Last time, I wrote of how we decided to go south for a vacation this year. Yes, we took a summer vacation in the humid, yet sultry, American south; we weren’t far from where “The Walking Dead” takes place. This column chronicles our time in Charleston.
The Fort Sumter departure building is right next to the aquarium. We walked down there the next day and used our free tickets for admission. If you like history, this is surely the place for you! The ferry ride on Charleston Harbor was nice and quiet, taking about 30 minutes from dock-to-dock.
We saw the Ravenal Bridge from a different view, along with the USS Yorktown across the Harbor in Point Pleasant. Since we didn't have a car, we didn't cross the bridge or go visit the Yorktown. Maybe, next time we visit Charleston.
By the time we got to Fort Sumter, it was hot. Because I perspire a lot, I always carry a washcloth with me, or as the kids call it, a sweat rag. They have such a way with words. I also where a baseball cap whenever I'm outside, because my hair in thin on top and I don't want to get a sunburn on my scalp. It happened to my father, and it wasn't pleasant.
There are two National Park Rangers on the ferry with us. They talked of the history of the fort; how much it meant to the defense of Charleston during the Civil War. I wish they would have given us a tour at the Fort, as well, but it is self-guided.
We saw the cannons and fortifications as well as the exhibits underground, which explain the history of the fort from the beginnings to its closing after World War II. It's very interesting, if you like history or forts.
After that, we went back to the hotel. The kids wanted to go out on their own for lunch and some shopping. Marcy and I explored the other end of King Street, the main street, and had some lunch. When you're hot, tired and hungry, pretty much anything will taste good. We split an order of fish and chips and it was very good.
That night was took our one and only "evening haunted tour," which was to the old downtown city jail. It was as a dark and scary adventure; at least, it billed as such. We had to go to the tour office to get the tickets and walk several blocks to the jail, which sucked because we were already in that area the day before.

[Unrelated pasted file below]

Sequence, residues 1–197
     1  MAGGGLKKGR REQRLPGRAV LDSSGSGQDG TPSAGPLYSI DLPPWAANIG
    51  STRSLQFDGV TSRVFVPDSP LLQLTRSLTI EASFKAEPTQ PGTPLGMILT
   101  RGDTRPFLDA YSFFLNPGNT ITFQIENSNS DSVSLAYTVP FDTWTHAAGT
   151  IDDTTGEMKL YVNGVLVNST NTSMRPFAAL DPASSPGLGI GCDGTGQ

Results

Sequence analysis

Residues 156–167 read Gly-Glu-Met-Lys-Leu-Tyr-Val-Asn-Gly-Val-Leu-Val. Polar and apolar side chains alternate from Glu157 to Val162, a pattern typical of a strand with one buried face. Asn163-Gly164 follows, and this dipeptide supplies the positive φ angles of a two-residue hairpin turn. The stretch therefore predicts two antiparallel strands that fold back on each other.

At the ticket office, we met a mother and daughter visiting from Florida. We walked with them to the jail. The walk over there turned out to be more interesting and scarier than the jail itself.
The tour guide was a former Charleston police officer, named Sean. He seemed like a real down home southern kind of fellow. He wasn't over dramatic during the tour and didn't make any weird noise or try to scare us. He gave a very good history of the jail. He told how the guards and prisoners lived. How most of them died from little or no food, beatings and disease.
“When you take pictures,” Sean said, “take two in a row, because sometimes on the second one, you can see a floating orb.” Yeah, right. I took plenty of pictures. There were no floating orbs in my photographs. This tour was interesting, but not worth $80.
Next time, it’s all about Savannah! Last time, how the south won our vacation money.
Matt Seinberg lives on Long Island, a few minutes east of New York City. He looks at everything around him and notices much. Somewhat less cynical than dyed in the wool New Yorkers, Seinberg believes those who don't see what he does like reading about what he sees and what it means to him. Seinberg columns revel in the silly little things of life and laughter as well as much well-directed anger at inept, foolish public officials. Mostly, Seinberg writes for those who laugh easily at their own foibles as well as those of others.
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